Saturday, July 08, 2006


ender's game, part iii

just started 'xenocide', the third book in the ender-focused half of the series. it's great--the series gets longer and longer the more i look around. i thought it only had five books total, but there are actually at least seven, PLUS some short stories.

i am terribly pleased.

also, apparently at least one other series of card's novels are also really good. (the alvin journeyman series, i think?) so i have a whole other series to look forward to when i'm done with this one.

i've been talking to anyone who'll listen about how much i'm in love with these books, and with 'ender's shadow' in particular. and in one conversation, someone who has read 'ender's game' and 'ender's shadow' told me that he had chosen not to read a few of the other books because people told him that they were too religious--they told him that card let too much of his religion get into his writing. so... a few issues with this.

a) i don't actually see much religion in the books they complained about. spirituality, yes. yes yes yes. but not religion, per se. and especially not anything that would lead me to believe that the author is a devote *mormon*, which apparently he is. the themes of the books in question ('speaker for the dead' and 'xenocide') concern relationships between alien cultures, the innate drive of living things to reproduce themselves, communication without prejudice, and so forth. very much about race relations and universal respect and whatnot. i mean, i can tell the author is way more okay with population explosions than i am, but he's playing with these themes in an ideal future where land is not an issue (i.e. the environment isn't being destroyed), so i'm okay with it. but the various races in the books all have very different spiritual practices, and none of them are protestant.

b) since when is an author not *allowed* to let his religious beliefs influence his writing?!? it was my impression that one generally writes fiction *specifically* in order to explain and explore one's beliefs, theories, or experiences. sheesh.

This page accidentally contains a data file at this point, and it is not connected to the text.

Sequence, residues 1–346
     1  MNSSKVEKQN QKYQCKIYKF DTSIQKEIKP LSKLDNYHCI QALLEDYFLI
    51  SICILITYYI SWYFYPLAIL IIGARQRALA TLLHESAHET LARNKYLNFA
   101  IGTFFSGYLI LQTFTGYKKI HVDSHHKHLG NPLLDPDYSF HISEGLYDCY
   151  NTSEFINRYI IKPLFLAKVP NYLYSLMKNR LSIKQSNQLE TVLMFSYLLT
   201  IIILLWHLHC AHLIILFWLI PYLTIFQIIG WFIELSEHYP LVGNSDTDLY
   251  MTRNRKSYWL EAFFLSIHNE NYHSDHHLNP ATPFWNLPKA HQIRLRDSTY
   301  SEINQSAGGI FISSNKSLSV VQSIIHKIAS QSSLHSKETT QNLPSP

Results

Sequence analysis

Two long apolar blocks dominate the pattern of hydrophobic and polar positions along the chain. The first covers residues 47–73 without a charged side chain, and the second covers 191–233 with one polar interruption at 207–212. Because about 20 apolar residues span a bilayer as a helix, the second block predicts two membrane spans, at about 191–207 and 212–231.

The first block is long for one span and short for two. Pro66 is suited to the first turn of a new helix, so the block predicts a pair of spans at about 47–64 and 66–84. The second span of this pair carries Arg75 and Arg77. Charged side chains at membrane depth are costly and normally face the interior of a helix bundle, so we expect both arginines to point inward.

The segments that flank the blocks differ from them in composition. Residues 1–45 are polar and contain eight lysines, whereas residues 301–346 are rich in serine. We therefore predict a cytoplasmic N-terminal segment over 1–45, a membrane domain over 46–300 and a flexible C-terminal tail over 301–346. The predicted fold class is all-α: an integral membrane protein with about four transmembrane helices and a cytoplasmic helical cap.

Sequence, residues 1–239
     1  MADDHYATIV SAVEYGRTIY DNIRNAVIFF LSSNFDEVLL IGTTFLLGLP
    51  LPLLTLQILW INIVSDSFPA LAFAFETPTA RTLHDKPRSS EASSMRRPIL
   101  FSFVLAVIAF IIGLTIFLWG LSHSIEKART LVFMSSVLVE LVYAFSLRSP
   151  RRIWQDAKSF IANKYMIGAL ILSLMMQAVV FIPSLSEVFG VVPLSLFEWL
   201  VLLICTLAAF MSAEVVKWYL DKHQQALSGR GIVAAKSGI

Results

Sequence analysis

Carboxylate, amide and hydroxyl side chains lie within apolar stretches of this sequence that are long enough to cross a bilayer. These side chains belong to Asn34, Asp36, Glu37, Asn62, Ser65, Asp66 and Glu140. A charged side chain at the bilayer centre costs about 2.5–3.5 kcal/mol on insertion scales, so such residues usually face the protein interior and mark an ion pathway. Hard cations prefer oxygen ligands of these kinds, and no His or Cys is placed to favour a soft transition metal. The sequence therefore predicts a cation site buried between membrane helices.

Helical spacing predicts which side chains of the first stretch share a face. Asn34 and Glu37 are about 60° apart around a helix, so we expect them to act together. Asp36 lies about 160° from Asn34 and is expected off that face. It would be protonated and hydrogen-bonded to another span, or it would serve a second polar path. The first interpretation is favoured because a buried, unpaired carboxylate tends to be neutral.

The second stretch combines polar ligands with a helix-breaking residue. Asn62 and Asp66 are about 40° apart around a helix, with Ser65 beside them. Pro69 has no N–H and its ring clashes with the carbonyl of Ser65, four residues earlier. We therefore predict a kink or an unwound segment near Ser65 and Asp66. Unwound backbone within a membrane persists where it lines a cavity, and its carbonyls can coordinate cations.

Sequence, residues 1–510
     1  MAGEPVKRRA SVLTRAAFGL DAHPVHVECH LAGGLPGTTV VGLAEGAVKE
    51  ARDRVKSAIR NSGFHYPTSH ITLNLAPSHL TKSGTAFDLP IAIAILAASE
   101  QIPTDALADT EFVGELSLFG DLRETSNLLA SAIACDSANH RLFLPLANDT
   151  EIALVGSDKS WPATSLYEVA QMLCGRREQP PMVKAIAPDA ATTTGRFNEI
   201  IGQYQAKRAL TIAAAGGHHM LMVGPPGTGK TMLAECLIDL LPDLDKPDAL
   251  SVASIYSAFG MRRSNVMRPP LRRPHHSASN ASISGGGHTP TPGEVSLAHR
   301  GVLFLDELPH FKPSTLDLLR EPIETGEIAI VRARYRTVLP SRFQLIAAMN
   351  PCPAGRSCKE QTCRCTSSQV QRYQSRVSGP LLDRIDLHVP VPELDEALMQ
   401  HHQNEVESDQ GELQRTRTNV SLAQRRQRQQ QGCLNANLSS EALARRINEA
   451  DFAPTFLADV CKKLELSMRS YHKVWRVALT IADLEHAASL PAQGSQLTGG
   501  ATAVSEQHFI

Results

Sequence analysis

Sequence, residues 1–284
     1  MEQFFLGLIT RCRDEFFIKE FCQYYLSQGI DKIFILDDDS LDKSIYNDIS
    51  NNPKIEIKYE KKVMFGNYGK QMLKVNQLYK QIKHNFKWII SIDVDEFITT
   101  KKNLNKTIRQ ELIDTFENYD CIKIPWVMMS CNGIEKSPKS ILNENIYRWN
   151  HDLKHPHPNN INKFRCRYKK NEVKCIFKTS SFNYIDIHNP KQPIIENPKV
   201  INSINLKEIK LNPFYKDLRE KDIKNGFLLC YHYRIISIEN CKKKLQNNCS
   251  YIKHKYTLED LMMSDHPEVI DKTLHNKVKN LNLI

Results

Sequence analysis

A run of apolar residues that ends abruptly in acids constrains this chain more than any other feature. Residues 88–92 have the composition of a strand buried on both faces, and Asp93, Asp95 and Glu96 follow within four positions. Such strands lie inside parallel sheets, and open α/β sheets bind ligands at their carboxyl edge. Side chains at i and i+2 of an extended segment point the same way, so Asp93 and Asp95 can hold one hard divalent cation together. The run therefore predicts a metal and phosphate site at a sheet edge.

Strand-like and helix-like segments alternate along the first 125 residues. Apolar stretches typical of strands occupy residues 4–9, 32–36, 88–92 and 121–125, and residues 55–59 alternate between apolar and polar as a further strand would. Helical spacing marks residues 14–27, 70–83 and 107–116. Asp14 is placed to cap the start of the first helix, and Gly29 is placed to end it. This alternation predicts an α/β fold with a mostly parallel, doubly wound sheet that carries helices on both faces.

c-ish) science fiction in particular is a medium that is embraced in large part because it allows for thinly veiled explorations of ideals and possibilities. eco-sF... feminist sF... sub-genres have been delineated that demonstrate the philosophical nature of this form of fiction.

d) back to my recurring rant about 'progressives'' prejudice against christianity... why do they (we) avoid anything that endorses, even just implicitly, christianity? in this case i felt myself reacting too, when i heard the word MORMON. cuz mormon's are crazy, right? riiiiight. so i'm getting a good dose of proof that i'm as retardedly judgmental as anyone. this author is phenomenal; i agree with most of his sentiments and admire his mental meanderings; but i'm now reading him with a full helping of salt because i found out the name of his denomination and i don't want to be...what?...indoctrinated? am i afraid that he'll say something to convince me to become mormon? cuz THAT's likely.

i think i lost the thread of whatever argument i had planned. but if there's a point, it's that people are lame. except for maybe orson scott card.

pS. in no way do i blame the person who was told not to read the books in question for not reading them. he was told they were way too religious to be enjoyable, which is a fully valid reason to not read something. i just happen to think his friends were wrong, and if they can't handle spiritual explorations they probably shouldn't be reading science fiction. grr.

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